I put together a list of tips to help beginners get better images when not using a flash or tripod.

Tips to Improve Your Images

1.     Shoot either Shutter or Aperture Priority, but always consider your shutter speed first in determining your settings. Otherwise your images may not be sharp (unless you want your images blurred for creative effect).

–The rule of thumb is that your shutter speed should be 1/the focal length of your lens. If your lens is a zoom, use the focal length at its longest point. For example, if you are using a 70-200mm lens, your shutter speed should be 1/200 or faster.  If your camera is not full frame, take the crop factor into account.  If the crop factor is 1.5, a 200mm lens becomes a 300 mm lens. Despite the rule of thumb, I try not to shoot slower than 1/100.

–If you have a hard time keeping your camera steady, shoot at a faster shutter speed than the rule of thumb. Don’t depend on vibration reduction (image stabilization) unless conditions are so bad you have to, to get the right exposure.  I learned this lesson the hard way.

2.     Shoot Shutter Priority the minute you or your subject start moving, you walk inside a building, or the day becomes dull and very dark with no sun.

–By doing this quickly, if you had been shooting Aperture Priority, you won’t forget to make necessary changes plus you’ll be ready for the first shot.

–Adjust your ISO to maintain your preferred f-stop, unless your camera performs poorly at higher ISO’s (in which case adjust the f-stop).

–If you are photographing from a moving vehicle or shooting a fast moving subject (intending to “freeze” the subject), you should increase your shutter speed based upon how fast you, or the subject, are moving. For subjects moving directly at me I start shooting at 1/250, unless I need to go faster based on the lens I am using. Otherwise I usually start at 1/1000. In all instances I keep checking the image and adjust my settings as necessary.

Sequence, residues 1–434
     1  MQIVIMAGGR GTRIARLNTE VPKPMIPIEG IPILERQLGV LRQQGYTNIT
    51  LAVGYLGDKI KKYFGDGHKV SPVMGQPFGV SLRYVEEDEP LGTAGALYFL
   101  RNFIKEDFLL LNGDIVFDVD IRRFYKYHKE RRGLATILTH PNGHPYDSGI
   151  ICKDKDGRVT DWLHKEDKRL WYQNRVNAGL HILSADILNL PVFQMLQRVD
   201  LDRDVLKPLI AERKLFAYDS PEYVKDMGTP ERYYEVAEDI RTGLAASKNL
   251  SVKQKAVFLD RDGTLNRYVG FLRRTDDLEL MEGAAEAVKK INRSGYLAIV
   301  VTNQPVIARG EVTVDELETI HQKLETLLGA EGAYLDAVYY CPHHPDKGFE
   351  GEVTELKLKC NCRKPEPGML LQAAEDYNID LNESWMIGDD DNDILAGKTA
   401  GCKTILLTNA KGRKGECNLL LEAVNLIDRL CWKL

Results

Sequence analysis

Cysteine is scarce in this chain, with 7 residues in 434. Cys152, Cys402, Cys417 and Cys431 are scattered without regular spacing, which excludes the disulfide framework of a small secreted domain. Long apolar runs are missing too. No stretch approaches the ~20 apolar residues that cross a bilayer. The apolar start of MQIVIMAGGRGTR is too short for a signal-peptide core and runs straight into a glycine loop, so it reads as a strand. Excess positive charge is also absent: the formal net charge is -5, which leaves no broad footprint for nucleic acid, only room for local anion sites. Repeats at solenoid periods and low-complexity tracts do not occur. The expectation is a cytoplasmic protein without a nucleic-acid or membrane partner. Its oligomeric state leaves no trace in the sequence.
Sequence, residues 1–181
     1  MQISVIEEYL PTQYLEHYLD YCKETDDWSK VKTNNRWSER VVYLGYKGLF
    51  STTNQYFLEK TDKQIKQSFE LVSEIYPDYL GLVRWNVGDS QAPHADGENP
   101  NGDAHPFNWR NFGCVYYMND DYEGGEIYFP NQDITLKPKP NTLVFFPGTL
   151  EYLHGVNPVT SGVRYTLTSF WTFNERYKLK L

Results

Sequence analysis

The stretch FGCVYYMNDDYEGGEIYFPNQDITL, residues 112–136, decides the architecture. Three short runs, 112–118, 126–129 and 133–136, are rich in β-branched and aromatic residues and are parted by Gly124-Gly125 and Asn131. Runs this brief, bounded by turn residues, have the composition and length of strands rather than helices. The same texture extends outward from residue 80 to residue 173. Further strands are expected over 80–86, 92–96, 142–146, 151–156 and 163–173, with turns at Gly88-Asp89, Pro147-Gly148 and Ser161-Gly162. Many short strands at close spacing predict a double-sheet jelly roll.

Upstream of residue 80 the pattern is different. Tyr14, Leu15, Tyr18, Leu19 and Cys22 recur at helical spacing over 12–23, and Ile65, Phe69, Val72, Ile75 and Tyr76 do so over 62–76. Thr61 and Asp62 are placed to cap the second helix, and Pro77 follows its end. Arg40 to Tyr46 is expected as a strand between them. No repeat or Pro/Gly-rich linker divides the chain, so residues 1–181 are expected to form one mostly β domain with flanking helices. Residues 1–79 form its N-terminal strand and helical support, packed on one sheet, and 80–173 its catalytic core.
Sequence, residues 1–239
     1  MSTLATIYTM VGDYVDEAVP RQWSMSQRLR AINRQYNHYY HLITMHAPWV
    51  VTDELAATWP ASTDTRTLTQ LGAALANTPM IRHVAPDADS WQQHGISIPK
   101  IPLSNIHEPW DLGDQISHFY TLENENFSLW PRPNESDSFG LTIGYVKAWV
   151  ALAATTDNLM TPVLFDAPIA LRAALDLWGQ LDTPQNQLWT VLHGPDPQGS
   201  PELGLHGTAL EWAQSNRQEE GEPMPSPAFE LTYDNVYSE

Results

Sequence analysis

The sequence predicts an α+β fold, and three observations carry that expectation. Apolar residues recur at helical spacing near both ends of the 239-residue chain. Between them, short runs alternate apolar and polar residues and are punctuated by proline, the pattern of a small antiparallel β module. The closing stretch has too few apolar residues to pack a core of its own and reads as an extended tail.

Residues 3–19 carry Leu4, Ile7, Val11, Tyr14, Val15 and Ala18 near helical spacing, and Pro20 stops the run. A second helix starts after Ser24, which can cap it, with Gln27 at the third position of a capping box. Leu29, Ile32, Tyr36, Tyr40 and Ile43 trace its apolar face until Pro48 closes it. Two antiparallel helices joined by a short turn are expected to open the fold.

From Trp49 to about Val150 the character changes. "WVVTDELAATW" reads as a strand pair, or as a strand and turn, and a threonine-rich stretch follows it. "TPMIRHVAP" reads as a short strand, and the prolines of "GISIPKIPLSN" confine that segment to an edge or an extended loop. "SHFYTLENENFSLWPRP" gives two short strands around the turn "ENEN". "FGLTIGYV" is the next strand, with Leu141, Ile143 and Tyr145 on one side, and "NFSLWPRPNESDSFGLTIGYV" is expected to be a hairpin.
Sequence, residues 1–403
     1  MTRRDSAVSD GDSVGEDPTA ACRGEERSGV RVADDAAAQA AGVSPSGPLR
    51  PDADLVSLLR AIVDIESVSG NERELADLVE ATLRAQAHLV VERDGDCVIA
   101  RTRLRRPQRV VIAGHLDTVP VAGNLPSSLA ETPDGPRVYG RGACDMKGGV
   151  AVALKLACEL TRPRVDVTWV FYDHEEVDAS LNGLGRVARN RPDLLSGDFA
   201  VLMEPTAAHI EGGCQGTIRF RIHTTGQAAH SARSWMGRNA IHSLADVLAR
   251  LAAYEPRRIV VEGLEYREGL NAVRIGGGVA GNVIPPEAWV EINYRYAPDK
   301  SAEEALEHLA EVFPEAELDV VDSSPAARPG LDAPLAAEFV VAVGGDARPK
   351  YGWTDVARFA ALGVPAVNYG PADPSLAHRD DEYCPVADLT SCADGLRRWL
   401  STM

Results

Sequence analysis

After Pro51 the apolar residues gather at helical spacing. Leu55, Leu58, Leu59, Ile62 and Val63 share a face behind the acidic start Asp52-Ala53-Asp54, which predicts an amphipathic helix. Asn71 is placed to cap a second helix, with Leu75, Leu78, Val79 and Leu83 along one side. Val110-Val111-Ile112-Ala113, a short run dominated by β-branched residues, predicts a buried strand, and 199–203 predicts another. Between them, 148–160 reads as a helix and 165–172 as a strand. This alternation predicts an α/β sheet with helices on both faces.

–Change your settings back the second you walk outside, the sun comes out, or you or your subject stop moving.

Hanoi, Vietnam

3.     Check your histogram. Use your exposure compensation dial to make necessary adjustments. Keep highlights to the right, without clipping them. (The histogram shouldn’t creep up the right side.  If it is creeping, decrease exposure until it stops.)

4.     Leave your white balance on “Auto” if you generally don’t remember to change it when your lighting circumstances change.

5.     General guidelines when shooting aperture preferred: use f/5.6 if you are shooting one person; f/8 if shooting 2 people; f/11 if shooting a group, and f/11 for landscapes and cityscapes.

6.     For people, focus on their eyes.  For landscapes or cityscapes, focus 1/3 into the scene for maximum depth of field.

Rocky Mountain National Park, Colorado

7.     Look for a clean and uncluttered background.

8.     Fill the frame.

9.     Before you trash your bad images, study them and learn from your mistakes.

10.  Practice and experiment before you leave on a trip. Get comfortable with your settings and how to quickly make appropriate adjustments.

If you remember only one tip, consider your shutter speed.  Photoshop can work miracles on underexposed and noisy images, but it can’t fix blurry ones.